Dennis C. Harden is a prominent figure in Nelson Township, engaging in farming, stock-raising, and dairy business on his quarter-section farm. Born in Pennsylvania in 1849, he moved to Illinois at four, where he honed his agricultural skills on his family’s land. His successful farm, acquired in 1873, showcases his adeptness in cultivation and livestock management. Marrying Miss Kate McCleary, he’s recognized for his contributions to local development, holding various offices and supporting township improvements. A Republican and Lutheran, Harden’s life reflects a blend of hard work, community service, and family legacy, making him a respected citizen in Lee County.
George F. Stainbrook, serving as Lee County Sheriff, epitomizes the drive and determination of a successful young man from Dixon. Born in the county in 1858, he descends from a Pennsylvania Dutch lineage with roots stretching back to a German immigrant and a Revolutionary War hero. George’s life, deeply intertwined with farming, shifted towards law enforcement when he became Deputy Sheriff, leading to his election as Sheriff in 1890. Recognized for his youth and efficacy, George, alongside his wife Anna B. Mulkins, an accomplished artist, contributes to the community while adhering to Republican principles and participating in various civic organizations.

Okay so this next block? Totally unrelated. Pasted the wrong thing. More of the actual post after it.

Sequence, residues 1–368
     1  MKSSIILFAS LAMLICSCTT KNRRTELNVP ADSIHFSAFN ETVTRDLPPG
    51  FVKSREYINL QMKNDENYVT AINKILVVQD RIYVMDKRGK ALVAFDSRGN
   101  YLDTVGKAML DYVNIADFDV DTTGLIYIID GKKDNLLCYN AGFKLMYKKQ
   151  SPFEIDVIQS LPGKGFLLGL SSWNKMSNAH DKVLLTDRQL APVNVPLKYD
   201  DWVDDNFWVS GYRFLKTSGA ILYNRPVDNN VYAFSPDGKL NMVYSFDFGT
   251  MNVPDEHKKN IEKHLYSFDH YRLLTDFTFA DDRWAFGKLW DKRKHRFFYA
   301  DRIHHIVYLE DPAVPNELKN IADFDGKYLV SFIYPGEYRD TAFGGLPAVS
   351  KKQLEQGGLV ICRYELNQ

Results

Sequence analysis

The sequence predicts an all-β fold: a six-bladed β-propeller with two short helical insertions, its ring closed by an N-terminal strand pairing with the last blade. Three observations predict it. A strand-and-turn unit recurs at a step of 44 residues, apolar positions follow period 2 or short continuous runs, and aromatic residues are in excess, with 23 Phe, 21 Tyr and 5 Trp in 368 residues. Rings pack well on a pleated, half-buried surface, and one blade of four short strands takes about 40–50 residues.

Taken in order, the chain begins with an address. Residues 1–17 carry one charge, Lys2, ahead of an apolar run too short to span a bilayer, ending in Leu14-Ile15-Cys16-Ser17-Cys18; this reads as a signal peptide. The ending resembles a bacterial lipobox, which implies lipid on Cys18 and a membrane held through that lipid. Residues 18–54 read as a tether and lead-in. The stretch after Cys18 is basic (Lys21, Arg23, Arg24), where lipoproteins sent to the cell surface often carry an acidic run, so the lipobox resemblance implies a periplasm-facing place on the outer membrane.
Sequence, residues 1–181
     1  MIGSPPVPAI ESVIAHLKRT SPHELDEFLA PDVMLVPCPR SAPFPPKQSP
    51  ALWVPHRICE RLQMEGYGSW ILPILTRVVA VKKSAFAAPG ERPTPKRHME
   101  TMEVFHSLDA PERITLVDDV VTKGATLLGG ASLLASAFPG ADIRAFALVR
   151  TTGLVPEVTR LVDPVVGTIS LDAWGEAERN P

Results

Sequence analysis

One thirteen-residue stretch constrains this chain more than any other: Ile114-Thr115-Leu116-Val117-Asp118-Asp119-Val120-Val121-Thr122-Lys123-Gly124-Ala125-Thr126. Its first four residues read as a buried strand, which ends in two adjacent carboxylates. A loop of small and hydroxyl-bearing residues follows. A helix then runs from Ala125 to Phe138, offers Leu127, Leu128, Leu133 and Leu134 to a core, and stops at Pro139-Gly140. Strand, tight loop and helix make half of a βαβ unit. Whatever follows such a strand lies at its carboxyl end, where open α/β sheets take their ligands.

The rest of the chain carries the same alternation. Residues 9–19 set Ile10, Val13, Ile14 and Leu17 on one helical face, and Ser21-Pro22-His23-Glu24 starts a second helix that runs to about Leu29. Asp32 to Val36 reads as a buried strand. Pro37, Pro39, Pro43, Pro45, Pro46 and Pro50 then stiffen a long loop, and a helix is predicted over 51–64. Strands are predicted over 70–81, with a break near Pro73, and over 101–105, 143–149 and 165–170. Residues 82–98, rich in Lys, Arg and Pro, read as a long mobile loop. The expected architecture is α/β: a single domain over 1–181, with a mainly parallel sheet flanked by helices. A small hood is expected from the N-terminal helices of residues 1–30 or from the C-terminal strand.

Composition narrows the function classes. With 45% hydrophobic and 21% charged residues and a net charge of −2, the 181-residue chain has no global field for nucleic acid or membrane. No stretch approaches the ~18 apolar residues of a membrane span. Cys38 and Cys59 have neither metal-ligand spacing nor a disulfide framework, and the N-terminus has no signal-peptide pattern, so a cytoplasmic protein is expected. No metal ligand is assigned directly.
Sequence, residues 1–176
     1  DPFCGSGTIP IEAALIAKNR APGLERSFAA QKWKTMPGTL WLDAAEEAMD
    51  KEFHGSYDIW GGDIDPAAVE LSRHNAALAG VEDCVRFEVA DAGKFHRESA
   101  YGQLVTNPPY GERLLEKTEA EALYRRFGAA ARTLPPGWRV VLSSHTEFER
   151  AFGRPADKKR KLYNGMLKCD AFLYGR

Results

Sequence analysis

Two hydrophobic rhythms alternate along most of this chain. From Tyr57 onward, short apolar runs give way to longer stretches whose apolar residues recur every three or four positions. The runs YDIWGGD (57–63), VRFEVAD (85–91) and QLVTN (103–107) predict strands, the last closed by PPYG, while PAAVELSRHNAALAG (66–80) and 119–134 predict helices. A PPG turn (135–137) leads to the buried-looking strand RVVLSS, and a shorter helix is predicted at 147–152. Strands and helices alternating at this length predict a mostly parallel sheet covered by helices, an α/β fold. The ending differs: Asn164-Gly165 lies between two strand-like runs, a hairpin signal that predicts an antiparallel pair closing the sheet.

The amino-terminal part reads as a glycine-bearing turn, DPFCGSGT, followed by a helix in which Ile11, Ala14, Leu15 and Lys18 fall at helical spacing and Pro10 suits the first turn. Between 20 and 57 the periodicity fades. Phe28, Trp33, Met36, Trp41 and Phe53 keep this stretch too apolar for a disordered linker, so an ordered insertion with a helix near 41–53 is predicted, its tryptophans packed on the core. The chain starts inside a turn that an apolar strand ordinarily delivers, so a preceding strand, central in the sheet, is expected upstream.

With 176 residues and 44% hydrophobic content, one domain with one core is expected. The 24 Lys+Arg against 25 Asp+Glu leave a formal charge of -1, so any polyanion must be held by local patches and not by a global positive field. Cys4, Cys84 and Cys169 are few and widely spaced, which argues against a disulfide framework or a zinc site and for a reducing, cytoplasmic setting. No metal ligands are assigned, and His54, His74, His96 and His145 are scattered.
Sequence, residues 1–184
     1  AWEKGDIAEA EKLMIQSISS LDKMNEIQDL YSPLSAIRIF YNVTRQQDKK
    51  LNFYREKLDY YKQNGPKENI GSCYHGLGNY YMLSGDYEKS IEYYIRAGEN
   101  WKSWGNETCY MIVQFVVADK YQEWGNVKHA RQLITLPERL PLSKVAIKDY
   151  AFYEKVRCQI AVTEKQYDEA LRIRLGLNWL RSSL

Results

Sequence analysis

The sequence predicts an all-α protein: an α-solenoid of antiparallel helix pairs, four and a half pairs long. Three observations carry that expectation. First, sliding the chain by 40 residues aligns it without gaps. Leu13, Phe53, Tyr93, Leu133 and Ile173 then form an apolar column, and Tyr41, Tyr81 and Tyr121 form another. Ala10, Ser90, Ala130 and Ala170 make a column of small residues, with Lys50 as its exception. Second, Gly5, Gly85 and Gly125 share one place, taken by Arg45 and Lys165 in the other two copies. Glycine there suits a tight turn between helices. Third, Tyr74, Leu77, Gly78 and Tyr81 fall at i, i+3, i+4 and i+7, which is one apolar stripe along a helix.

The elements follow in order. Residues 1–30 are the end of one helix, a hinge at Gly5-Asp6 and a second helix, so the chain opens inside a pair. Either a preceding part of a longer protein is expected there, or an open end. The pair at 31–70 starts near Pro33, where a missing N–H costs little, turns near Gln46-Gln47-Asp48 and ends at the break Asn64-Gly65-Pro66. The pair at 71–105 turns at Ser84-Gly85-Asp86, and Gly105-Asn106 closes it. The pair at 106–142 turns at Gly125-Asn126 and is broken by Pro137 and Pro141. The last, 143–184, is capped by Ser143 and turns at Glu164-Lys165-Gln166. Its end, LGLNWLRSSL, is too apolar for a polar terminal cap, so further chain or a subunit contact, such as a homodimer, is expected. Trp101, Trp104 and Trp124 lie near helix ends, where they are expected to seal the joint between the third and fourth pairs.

Cornelius Vroom, a dedicated farmer from Nelson Township, has made significant strides in agriculture on his 80-acre farm near Nelson Station. Born into a Dutch-descendant family on Staten Island in 1840, Cornelius moved to Illinois in 1859, where he has since prospered through hard work and thrifty habits. His farm, acquired in 1869, showcases his commitment to cultivation and stock-raising. Cornelius and his wife, Libby, actively support the Methodist Church and the community’s welfare. A Republican by political affiliation, Cornelius is respected for his honesty and steadfast character, embodying the enduring spirit of his Dutch ancestry and the foundational values instilled from a young age.